The open contempt for moral values by our elected officials has a corrosive effect. It is a sad day for law enforcement when Congress offers such poor leadership on moral values and ethical behavior. We are a moral people, and the first lesson of democracy is not to hold the public in contempt.
Ronnie Earle is the district attorney for Travis County, Tex.
In my next life, the men I'd most want to be ...
By THOMAS L. FRIEDMAN, Houston Chronicle, November 24, 2004
In my next life, I want to be Tom DeLay, the House majority leader.
Yes, I want to get almost the entire Republican side of the House of Representatives to bend its ethics rules just for me. I want to be able to twist the arms of House Republicans to repeal a rule that automatically requires party leaders to step down if they are indicted on a felony charge - something a Texas prosecutor is considering doing to DeLay because of corruption allegations.
But most of all, I want to have the gall to sully American democracy at a time when young American soldiers are fighting in Iraq so we can enjoy a law-based society here and, maybe, extend it to others. Yes, I want to be Tom DeLay. I want to wear a little American flag on my lapel in solidarity with the troops, while I besmirch every value they are dying for.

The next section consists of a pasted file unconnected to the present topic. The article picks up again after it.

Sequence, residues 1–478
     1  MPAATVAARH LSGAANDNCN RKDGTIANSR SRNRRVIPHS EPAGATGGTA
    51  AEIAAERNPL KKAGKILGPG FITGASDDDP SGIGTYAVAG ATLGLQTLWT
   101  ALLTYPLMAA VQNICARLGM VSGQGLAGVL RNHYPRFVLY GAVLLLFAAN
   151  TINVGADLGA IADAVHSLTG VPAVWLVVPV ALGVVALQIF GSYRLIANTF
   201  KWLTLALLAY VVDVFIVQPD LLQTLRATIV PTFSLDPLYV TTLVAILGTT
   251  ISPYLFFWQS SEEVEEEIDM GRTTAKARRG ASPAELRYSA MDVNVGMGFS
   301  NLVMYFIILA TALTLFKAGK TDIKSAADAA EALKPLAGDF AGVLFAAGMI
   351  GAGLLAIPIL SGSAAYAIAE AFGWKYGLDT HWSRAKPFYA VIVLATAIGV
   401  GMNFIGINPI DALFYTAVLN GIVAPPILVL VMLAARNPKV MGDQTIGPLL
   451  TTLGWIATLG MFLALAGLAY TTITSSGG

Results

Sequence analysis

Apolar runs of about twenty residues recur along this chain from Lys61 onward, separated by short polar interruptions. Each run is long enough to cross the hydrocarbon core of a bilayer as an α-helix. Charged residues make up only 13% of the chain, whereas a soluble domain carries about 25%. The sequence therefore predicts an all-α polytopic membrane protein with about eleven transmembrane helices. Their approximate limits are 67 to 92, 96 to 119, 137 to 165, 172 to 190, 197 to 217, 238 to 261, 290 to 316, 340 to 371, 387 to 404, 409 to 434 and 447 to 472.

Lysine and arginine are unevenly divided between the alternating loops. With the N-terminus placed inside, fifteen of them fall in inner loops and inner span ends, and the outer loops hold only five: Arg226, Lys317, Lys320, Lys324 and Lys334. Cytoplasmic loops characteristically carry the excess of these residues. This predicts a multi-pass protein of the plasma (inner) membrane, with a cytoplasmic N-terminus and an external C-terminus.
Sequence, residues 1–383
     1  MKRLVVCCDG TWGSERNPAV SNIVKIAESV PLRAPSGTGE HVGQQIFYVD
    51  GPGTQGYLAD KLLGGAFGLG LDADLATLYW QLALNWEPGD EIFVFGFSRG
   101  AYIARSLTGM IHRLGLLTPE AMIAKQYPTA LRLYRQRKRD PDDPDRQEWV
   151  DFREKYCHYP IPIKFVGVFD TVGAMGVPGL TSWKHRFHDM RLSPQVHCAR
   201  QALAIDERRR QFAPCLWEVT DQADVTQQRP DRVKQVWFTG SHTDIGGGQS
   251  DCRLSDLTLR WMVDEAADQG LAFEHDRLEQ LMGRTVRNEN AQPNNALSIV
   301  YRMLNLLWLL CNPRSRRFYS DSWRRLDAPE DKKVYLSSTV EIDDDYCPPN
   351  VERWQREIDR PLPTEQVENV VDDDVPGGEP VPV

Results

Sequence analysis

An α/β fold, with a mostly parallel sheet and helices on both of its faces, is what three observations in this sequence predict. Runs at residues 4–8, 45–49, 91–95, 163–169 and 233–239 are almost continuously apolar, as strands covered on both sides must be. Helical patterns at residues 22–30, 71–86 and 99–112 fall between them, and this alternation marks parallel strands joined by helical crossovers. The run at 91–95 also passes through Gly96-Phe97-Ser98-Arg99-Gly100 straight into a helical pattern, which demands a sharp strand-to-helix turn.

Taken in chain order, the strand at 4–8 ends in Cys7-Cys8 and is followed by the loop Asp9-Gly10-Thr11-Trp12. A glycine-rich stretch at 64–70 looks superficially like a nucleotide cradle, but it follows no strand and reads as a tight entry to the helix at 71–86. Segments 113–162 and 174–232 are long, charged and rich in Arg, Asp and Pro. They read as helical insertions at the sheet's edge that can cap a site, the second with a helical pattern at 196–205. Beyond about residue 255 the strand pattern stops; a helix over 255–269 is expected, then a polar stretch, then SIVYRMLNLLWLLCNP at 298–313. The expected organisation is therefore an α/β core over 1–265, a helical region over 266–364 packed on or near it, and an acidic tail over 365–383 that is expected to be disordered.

If I can't be Tom DeLay, then I want to be one of the gutless Republican House members who voted to twist the rules for DeLay out of fear that "the Hammer," as they call him, might retaliate by taking away a coveted committee position or maybe a parking place.
Yes, I want to be a Republican House member. At a time when 180 of the 211 members of the 24th Marine Expeditionary Unit in Iraq who have been wounded in combat have insisted on returning to duty, I want to look my constituents and my kids in the eye and tell them that I voted to empty the House ethics rules because I was afraid of Tom DeLay.
If I can't be a Republican House member, I want to be Latrell Sprewell, the guard for the Minnesota Timberwolves. I want to say with a straight face that if my owner will only give me a three-year contract extension for a meager $21 million, then he's not worth working for, because "I've got my family to feed."
Yes, I want to be Latrell Sprewell. At a time when NBA games are priced beyond the reach of most American families, when half the country can't afford health care, when some reservists in Iraq are separated from their families for a year, including this Thanksgiving, I want to be like Latrell. I want to make sure everyone knows that I'm looking out for my family - and no one else's.